“From this, pasture and soil health, animal health, erosion management, water retention and tradeable greenhouse gas emission avoidance and sequestration all follow. Alan takes some very complex system principles and turns those into the pragmatic actions needed for producers to stay in the grazing business for the long term."
Despite this level of support Mr Lauder’s concepts are yet to be adopted into ongoing extension programs.
Mr Lauder says there is a view that his work on carbon flows simply fine tunes existing extension programs, or tells the same story in a slightly different way, but he rejects that theory.
He sees carbon flows as a “natural entry point of the debate”, and believes that adding carbon flows does not discredit current extension work, and nor would it require existing extension work to change.
"It is more like adding an introductory module that helps producers and students see how all the current topics discussed fit together," he said.
“It is a case of preparing the mind so that things are less complicated.
“It also focuses producers on something their management has some control over.
“We may not have any control over how much rain arrives but we do have some control over how effective it is.”
He also believes that incorporating carbon flows into extension work in Queensland would help to reduce the flow sediment and nutrients onto the Great Barrier Reef. A soon to be released report will discuss the particle size of sediment going onto the Great Barrier Reef, as a result of different land management. It would appear that better management of carbon flows will result in a lower percentage of the particle size that can kill coral in 24 hours.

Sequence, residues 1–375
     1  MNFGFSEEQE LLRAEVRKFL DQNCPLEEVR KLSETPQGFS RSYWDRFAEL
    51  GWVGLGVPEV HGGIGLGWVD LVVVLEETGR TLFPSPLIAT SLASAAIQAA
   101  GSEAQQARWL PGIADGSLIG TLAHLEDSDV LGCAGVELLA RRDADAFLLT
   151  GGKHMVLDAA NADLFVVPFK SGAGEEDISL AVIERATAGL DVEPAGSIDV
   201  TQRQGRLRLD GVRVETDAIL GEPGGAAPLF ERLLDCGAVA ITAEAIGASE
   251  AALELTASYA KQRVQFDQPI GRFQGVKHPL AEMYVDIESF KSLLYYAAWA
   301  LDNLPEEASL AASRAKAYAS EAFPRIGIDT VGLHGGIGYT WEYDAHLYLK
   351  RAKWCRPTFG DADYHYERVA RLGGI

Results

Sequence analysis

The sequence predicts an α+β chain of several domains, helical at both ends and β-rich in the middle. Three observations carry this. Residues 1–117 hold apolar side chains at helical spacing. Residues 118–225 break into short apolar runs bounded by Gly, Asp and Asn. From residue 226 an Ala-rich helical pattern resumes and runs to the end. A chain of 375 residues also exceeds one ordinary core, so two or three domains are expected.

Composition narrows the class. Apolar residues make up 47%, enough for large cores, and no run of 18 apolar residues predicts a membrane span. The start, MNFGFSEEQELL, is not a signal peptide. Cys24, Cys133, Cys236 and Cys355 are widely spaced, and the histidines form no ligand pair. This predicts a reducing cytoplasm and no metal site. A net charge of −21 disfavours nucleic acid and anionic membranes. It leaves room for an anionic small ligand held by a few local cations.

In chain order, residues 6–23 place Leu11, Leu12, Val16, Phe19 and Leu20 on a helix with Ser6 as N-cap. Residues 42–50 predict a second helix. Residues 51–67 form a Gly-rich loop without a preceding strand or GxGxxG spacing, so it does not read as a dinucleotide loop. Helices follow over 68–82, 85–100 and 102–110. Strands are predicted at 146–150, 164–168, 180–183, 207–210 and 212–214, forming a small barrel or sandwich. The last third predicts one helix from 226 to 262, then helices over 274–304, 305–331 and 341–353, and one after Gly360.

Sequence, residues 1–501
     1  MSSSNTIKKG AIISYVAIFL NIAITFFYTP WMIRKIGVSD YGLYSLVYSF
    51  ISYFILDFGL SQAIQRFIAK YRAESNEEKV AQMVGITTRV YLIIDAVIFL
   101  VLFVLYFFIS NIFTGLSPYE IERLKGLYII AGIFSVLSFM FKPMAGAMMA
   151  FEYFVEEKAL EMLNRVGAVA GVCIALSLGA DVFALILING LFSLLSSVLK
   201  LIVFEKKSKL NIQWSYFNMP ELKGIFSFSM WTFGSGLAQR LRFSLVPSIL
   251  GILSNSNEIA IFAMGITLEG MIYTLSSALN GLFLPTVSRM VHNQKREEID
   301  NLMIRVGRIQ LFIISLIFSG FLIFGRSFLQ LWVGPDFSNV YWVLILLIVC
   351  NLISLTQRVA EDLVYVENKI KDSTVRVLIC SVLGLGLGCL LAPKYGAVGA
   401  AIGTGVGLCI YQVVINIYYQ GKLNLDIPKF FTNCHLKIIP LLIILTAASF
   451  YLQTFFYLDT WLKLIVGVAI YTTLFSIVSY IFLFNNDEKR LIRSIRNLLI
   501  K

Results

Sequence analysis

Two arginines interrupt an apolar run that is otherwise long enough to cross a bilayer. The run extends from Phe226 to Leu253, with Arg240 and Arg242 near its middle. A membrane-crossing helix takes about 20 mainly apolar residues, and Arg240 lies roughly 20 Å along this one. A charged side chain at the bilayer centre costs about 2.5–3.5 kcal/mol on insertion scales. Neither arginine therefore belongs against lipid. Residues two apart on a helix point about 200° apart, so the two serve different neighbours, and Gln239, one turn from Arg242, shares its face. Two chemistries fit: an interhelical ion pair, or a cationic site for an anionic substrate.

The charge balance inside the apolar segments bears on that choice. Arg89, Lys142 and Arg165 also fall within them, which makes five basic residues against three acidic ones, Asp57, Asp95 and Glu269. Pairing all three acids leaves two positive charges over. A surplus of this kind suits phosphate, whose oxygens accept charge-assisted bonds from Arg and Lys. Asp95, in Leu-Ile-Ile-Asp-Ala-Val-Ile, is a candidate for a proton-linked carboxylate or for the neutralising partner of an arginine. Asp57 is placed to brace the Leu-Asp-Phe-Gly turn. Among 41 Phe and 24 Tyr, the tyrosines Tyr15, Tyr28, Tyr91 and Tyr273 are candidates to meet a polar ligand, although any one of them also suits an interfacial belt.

Kathy Frost says the transformation that has occurred in the claypan highlights a key point that Alan Lauder makes: “All else being equal, the paddock with the highest carbon flows through it will be the most productive”.
“At the end of the day, rural producers sell a carbon product be it grain, livestock, wool or hay.
“They sell something that has lived. This is why it is in their interests to understand how to manage carbon flows better.”